Before 5G or AI, Companies Need a Strong Security Foundation

Employees comprise the greatest security threat to companies in myriad ways. Here’s what companies can do

The cyber community is buzzing about artificial intelligence (AI), machine learning, 5G and the other new technologies expected to emerge in the next decade. Members are dreaming up potential benefits and pitfalls, and, of course, talking about how these could initiate a whole new host of security issues.

In discussing the issues that 5G might present, authors Tom Wheeler and David Simpson made an interesting point in a recent article for Brookings, writing, “To build 5G on top of a weak cybersecurity foundation is to build on sand.”

For all the technological opportunity 5G offers businesses, the harsh truth is that connecting billions of new devices to the internet will open up billions of new threat vectors, presenting a nearly impossible monitoring problem for any company over a certain size. That’s why the best way to address these potential threats is by starting from the inside out: with the employees themselves.

In a new report conducted by the Ponemon Institute, insider threats cost U.S. businesses an average of $11.45 million per year. Employee negligence—such as falling for scams—was the reason for 63% of those incidents, while incidents related to a criminal insider was the reason for 23%.

There are actions businesses can take to reduce these risks. For example, educating individuals on how to identify scams and safeguard their accounts, both professional and personal, with strong passwords is one way to mitigate employee negligence. Background checks are a good way to keep criminals out—hence, why 96% of employers say they conduct at least one type of pre-hire check.

What about those employees who aren’t simply making mistakes, but rather are malicious or hiding financial or criminal problems, making them vulnerable to exploitation? More must be done to prevent these forms of insider threat, and a good place to start is understanding what drives someone to commit or become actively involved with crime within the organization.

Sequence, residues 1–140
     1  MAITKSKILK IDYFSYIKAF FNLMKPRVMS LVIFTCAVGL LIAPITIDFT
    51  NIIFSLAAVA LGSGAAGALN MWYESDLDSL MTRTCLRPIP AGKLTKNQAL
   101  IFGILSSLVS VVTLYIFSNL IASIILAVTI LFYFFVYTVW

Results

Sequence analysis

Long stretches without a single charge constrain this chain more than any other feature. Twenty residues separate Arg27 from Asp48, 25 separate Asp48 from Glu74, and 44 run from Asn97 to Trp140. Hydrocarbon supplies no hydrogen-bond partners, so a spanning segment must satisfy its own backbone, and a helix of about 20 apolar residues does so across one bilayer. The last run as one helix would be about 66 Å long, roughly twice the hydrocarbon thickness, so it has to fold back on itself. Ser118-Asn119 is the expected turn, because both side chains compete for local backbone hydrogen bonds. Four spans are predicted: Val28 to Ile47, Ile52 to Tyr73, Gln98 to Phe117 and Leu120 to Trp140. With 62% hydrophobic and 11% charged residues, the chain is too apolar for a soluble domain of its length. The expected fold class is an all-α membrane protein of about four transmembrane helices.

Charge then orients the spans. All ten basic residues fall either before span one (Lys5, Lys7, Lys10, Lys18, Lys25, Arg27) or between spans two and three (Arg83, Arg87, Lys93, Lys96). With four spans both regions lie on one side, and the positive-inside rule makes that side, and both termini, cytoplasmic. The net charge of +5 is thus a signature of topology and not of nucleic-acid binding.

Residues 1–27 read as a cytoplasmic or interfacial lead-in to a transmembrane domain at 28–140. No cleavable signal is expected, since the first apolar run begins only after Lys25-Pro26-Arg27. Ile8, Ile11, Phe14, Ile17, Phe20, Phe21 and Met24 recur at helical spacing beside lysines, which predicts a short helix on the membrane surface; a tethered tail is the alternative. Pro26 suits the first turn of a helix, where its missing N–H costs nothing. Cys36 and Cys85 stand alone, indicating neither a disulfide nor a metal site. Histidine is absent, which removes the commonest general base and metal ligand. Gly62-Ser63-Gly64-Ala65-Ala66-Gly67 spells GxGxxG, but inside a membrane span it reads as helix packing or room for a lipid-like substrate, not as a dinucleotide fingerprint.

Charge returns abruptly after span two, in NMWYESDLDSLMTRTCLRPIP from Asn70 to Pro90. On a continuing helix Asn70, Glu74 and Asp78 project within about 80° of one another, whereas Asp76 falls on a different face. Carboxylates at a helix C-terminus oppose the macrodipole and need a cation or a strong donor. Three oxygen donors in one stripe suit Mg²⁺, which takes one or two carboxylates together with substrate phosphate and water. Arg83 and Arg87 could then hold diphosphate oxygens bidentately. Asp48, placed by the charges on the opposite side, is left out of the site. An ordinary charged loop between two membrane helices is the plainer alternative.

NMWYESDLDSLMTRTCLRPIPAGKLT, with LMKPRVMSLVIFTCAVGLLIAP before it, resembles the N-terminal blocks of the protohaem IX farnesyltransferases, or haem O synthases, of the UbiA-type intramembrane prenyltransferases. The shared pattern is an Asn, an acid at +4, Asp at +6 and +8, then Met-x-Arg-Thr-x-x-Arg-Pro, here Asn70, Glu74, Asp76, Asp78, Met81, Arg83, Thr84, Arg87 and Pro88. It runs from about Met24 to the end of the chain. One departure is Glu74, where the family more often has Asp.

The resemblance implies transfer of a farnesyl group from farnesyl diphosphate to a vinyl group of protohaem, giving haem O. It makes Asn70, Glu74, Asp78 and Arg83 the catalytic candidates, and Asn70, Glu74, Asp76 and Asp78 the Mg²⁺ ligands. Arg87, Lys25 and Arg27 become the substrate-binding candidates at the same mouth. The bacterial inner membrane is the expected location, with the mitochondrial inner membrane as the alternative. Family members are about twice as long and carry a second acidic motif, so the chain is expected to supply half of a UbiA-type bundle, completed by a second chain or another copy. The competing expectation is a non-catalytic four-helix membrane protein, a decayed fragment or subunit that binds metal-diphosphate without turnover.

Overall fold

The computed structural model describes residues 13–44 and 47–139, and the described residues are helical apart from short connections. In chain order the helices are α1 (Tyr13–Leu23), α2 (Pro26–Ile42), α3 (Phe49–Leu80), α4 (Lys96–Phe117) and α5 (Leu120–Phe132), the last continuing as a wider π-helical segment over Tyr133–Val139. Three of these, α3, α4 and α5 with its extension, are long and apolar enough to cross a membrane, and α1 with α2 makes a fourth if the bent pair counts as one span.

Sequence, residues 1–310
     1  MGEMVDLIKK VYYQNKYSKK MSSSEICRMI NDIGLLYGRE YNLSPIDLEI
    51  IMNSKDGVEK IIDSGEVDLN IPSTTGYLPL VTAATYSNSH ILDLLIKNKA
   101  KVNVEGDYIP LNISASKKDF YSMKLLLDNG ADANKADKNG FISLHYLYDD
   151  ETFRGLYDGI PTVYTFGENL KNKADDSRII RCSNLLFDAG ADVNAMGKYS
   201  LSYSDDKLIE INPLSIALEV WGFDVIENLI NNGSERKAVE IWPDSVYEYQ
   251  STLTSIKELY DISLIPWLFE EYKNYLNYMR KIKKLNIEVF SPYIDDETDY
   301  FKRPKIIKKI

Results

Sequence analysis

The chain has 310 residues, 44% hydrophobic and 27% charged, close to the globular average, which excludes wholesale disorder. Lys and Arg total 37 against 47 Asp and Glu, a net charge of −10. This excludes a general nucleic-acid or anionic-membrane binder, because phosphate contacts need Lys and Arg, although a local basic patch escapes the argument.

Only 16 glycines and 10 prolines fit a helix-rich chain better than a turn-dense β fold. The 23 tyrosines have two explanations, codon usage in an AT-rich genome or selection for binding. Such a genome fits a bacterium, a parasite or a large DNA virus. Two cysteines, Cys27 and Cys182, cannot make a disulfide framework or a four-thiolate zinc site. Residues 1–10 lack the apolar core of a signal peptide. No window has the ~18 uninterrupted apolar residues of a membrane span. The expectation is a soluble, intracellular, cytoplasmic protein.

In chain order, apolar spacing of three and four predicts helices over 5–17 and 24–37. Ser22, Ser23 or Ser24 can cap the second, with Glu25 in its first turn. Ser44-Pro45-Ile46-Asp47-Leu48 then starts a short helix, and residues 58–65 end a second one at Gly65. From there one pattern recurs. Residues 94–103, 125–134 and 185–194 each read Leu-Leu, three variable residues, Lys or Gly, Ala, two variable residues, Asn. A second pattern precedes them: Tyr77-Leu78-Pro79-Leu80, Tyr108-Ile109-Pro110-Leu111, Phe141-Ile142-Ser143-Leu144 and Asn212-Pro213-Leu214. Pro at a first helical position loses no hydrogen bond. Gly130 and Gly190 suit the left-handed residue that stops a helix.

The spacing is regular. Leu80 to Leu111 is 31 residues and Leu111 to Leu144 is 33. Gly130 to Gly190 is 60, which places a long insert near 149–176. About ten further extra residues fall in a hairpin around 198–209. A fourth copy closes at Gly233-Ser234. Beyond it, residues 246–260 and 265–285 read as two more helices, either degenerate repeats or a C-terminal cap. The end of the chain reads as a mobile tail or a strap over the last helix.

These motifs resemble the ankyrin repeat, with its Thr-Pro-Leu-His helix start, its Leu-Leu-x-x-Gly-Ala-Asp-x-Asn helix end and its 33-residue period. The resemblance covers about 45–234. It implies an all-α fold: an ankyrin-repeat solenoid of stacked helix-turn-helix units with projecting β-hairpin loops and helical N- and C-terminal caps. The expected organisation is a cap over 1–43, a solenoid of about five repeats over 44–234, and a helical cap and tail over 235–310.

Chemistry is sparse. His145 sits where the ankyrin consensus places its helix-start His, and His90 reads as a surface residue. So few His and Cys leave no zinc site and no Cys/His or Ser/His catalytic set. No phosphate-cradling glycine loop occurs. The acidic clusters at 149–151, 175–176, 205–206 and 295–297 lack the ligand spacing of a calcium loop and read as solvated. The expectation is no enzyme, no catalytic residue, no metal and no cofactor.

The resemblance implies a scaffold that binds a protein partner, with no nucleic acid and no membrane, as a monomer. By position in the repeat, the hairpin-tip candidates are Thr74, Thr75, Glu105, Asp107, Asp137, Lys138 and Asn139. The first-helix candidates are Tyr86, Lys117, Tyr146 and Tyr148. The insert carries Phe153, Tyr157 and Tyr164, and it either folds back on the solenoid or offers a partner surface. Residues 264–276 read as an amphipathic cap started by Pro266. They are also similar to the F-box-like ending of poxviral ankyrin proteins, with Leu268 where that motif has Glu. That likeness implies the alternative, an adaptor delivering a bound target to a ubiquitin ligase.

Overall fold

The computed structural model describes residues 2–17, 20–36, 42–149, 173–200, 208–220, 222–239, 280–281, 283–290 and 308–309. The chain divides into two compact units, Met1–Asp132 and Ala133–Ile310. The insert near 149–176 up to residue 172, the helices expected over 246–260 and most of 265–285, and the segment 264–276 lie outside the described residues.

Usually, it all boils down to stress. When people steal valuable sensitive information, physical company property or even money itself, it’s often found that those individuals were experiencing pressure or problems at home, in the workplace or both. Such pressure sometimes stems from sudden and unforeseen expenses, an illness they or a loved one is experiencing or managers or coworkers who they feel are not treating them fairly.

So, how can businesses protect themselves against insider threats, especially if they don’t have control over all the circumstances in an employee’s life? The answer is a workforce assurance platform with two specific capabilities: continuous evaluation and anonymous reporting.

Much like its name suggests, continuous evaluation is a technological security solution that actively alerts employers to signs of employee stress. It can identify if an employee has any run-ins—however minor—with the law, as well as indications of material financial stress.

Anonymous reporting gives employees the ability to clue business leaders in to concerning behaviors that may not otherwise be discovered, such as someone’s stress manifesting as a verbal or physical attack on another employee. It also increases employees’ odds of sharing such information. When anonymous reporting is part of a workforce assurance platform, employees don’t have to worry about being seen walking into Human Resources. And because their identity is protected, they can rest assured that their information will be kept confidential—a concern for the majority of respondents to one recent insider threat survey.

With the insights afforded by continuous evaluation and anonymous reporting, business leaders can see, and therefore prevent, potential security threats before they happen. They can have HR engage individuals in conversation about what’s going on. They can make accommodations or referrals that might help. And, ultimately, they can make sure they have a strong security foundation that’s prepared for whatever comes next.

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Palo Alto Networks

Tom Miller

Tom Miller is CEO of ClearForce, an organization that protects businesses and employees through the continuous and automated discovery of employee misconduct or high-risk activities.

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